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Electric bikes could soon be joining you on Seattle trails

After state lawmakers relaxed rules for electric bikes this year, Seattle officials are poised to allow them on area trails alongside pedestrians and human-powered bikes. But some argue the trails are already too crowded.

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“The City of Seattle is basically trying to support people getting out of their cars and getting onto electric bikes,” Mike Radenbaugh said. “…. It’s more about providing support for people who want to ride electric bikes and making sure people on electric bicycles are treated like a bicycle and allowed to enjoy the regional trails.”

Radenbaugh is president and CEO of Ballard-based Rad Power Bikes, a manufacturer of electric-assisted bicycles. It’s such electric bikes that Seattle Parks and Recreation is considering for a pilot program beginning May 28.

The pilot program will include the electric-powered bikeshare rides in Seattle, but Radenbaugh says the real target of the new rules is privately-owned ebikes. These bikes are more often used to commute and travel long distances, which is why proponents argue that they should be allowed on park trails.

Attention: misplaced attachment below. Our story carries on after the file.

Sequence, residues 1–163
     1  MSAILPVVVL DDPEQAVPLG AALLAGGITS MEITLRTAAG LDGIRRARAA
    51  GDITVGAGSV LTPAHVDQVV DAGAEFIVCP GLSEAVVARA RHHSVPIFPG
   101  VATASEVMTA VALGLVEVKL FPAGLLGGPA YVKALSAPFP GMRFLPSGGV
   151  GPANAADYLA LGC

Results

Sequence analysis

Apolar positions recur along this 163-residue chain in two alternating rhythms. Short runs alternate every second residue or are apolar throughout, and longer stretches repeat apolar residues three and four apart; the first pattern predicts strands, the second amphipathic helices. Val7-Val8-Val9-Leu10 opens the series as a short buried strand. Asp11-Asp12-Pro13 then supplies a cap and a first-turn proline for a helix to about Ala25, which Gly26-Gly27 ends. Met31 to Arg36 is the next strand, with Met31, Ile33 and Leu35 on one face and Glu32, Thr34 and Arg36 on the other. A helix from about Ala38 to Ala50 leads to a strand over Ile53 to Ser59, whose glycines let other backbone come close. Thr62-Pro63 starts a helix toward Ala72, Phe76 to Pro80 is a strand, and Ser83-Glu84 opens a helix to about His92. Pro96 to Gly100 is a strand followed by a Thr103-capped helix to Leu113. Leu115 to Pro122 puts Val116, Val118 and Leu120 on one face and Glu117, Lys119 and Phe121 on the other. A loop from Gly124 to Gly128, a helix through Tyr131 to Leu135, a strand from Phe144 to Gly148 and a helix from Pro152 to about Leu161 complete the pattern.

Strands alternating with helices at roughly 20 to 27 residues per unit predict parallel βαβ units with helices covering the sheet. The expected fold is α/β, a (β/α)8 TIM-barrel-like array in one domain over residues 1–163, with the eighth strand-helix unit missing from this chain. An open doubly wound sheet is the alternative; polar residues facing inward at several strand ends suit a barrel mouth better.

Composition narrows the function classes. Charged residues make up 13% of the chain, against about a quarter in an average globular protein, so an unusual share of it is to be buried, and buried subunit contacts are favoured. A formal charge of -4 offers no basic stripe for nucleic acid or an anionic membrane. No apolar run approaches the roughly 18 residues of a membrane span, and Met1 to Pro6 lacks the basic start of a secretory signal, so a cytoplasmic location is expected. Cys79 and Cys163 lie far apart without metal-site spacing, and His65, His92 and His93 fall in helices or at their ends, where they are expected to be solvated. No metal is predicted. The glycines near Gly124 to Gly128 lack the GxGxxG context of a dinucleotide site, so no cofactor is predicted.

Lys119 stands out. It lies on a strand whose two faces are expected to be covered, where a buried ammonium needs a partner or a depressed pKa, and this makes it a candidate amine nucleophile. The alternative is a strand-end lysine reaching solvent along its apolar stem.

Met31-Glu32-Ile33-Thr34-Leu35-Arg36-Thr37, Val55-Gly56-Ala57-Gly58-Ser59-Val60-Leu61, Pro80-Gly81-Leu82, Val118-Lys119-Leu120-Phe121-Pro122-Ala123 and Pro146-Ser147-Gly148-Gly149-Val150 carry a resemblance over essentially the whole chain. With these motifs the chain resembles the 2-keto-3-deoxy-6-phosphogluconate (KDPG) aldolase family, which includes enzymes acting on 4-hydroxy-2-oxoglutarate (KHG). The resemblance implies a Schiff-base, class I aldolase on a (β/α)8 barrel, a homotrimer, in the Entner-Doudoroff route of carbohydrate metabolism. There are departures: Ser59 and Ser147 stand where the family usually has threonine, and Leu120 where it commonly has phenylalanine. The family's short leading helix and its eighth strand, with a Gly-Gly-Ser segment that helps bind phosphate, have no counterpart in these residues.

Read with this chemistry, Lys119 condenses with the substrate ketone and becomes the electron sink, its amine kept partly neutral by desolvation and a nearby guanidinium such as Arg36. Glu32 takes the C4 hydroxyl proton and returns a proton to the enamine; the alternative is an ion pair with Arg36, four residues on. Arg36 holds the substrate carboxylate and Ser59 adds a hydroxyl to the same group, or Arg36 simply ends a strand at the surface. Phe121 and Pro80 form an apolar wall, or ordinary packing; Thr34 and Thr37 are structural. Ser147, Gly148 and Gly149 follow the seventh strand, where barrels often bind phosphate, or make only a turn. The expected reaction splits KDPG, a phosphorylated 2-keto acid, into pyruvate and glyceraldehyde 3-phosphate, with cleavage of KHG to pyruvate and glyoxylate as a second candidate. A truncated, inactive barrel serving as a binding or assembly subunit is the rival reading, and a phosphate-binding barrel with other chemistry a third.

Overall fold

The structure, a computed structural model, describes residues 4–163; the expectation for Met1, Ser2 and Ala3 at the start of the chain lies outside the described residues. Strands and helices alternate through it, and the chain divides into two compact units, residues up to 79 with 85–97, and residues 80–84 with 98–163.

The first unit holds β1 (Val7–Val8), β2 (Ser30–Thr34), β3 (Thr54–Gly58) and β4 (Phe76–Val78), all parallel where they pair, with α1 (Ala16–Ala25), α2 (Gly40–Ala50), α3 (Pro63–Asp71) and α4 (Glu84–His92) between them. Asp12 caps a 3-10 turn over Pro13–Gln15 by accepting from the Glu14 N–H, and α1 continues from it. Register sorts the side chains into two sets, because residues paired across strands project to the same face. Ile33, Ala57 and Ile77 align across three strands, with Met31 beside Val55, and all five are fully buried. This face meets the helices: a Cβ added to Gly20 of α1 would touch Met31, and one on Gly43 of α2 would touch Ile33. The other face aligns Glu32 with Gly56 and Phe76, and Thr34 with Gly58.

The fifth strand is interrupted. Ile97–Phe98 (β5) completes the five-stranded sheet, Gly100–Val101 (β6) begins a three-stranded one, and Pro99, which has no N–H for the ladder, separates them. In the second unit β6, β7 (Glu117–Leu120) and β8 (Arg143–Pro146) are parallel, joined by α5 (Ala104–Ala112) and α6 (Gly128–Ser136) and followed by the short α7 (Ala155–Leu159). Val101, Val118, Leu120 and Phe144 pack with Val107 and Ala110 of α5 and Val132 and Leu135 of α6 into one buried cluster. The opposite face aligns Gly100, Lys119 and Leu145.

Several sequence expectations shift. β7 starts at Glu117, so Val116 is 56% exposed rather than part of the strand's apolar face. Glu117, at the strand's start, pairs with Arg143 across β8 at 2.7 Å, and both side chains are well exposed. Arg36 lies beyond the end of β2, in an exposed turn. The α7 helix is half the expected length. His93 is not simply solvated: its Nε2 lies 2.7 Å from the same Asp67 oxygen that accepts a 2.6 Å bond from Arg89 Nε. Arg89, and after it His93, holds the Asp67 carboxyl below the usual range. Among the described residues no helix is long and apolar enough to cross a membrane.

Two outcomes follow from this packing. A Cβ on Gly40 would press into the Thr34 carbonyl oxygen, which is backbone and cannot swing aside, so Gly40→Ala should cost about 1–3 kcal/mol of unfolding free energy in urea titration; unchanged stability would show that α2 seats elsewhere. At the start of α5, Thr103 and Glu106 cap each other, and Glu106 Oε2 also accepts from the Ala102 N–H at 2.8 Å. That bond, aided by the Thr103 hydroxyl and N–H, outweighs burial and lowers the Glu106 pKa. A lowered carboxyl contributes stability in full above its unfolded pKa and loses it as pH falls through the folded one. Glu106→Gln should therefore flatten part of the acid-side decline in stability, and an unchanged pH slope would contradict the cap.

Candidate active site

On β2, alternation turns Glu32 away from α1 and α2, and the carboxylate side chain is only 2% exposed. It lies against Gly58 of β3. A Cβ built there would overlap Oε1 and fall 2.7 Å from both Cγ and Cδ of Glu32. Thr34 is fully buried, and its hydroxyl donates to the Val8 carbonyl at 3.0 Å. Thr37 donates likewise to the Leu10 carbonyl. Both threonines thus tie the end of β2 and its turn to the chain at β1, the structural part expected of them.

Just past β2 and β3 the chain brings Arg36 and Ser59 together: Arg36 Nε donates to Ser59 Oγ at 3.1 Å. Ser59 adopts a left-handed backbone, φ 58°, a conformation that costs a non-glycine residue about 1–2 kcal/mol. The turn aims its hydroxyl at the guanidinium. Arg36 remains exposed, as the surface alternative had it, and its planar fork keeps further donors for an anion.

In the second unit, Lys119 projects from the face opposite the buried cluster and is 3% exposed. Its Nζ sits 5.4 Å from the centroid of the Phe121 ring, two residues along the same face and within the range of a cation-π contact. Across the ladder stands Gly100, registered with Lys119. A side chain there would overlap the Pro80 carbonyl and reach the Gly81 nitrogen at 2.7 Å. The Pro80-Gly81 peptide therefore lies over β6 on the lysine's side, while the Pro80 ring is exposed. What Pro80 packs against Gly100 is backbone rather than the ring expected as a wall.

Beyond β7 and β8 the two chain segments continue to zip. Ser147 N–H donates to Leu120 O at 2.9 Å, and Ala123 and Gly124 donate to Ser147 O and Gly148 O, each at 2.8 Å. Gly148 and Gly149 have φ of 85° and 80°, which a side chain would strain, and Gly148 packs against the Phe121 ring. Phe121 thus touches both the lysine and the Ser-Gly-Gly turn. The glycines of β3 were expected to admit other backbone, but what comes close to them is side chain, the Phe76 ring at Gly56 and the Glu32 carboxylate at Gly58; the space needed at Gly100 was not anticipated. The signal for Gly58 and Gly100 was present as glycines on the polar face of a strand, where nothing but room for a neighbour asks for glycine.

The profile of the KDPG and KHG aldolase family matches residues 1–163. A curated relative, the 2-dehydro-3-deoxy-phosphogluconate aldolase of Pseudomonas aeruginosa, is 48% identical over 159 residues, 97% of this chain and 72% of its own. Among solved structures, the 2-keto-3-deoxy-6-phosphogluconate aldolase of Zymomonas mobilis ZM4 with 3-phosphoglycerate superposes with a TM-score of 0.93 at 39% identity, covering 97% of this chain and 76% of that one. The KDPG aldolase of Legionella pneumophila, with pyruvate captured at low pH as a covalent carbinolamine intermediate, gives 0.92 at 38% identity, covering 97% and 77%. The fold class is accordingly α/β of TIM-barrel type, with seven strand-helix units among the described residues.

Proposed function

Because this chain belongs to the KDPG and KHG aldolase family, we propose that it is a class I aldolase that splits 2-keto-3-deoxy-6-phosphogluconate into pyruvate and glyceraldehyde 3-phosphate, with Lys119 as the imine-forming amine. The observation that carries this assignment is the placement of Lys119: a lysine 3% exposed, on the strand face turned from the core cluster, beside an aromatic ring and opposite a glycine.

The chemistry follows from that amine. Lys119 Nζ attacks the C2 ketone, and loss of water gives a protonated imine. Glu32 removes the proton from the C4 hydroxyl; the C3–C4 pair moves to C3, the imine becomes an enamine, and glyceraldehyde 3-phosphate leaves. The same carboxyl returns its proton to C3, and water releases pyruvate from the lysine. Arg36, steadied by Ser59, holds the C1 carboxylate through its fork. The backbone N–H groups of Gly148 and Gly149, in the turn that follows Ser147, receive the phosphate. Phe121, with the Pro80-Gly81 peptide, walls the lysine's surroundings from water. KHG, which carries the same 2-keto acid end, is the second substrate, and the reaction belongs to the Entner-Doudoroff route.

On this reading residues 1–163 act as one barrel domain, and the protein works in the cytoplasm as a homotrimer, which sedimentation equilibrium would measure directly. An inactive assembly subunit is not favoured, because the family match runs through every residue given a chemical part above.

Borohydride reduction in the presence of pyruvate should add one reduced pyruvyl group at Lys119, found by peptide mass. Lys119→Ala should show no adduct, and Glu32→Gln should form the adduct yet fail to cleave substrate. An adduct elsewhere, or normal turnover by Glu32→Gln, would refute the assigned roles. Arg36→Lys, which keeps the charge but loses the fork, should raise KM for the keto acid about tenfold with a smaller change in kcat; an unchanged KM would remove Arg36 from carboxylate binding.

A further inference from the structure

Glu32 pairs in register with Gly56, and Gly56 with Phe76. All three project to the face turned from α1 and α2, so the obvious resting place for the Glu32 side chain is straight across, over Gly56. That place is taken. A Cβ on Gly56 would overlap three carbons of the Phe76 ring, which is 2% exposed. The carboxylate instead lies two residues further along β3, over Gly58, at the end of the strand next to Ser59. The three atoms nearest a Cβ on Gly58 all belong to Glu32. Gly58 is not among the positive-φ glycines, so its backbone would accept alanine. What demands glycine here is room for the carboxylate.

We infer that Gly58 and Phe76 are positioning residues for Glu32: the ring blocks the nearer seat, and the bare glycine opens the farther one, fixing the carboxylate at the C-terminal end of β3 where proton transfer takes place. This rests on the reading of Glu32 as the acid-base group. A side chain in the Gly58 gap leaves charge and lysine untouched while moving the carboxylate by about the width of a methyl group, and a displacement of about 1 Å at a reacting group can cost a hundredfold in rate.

The pilot would limit all vehicles on the trails to 15 mph. The Seattle Times reports it will affect: the Burke-Gilman Trail; Duwamish Trail; Elliott Bay Trail; Melrose Connector; and the Mountains to Sound Trail.

“It’s really unfair to force electric bikes onto regular streets where you have 4,000-6,000 pound vehicles traveling at very high speeds,” Radenbaugh said. “So anyone who has ridden an electric bike really gets it; that riding on a trial doesn’t make the trail less-safe for regular cyclists or pedestrians. It’s just another great version of a bicycle.”

Electric bikes and the law

“Electric bikes under federal law, and now state law, are treated exactly like regular bikes,” Radenbaugh said. “They are peddle-assisted. You have a small, light-weight electric motor that helps you propel yourself down the sidewalk.”

Earlier this year, state lawmakers modified regulations on electric bikes, allowing most to ride on the sidewalk (unless local law says otherwise). In short, ebikes that travel more than 20 mph are still prohibited from riding on the sidewalk.

It’s such moves that are adding electric bikes to spaces already occupied by walkers, strollers, and human-powered bicycles. The pilot program from the parks and rec department could be Seattle’s first step in allowing the newer electric-powered bikes on sidewalks.

The Seattle Parks and Recreation Committee could vote on the new ebike allowances in May.

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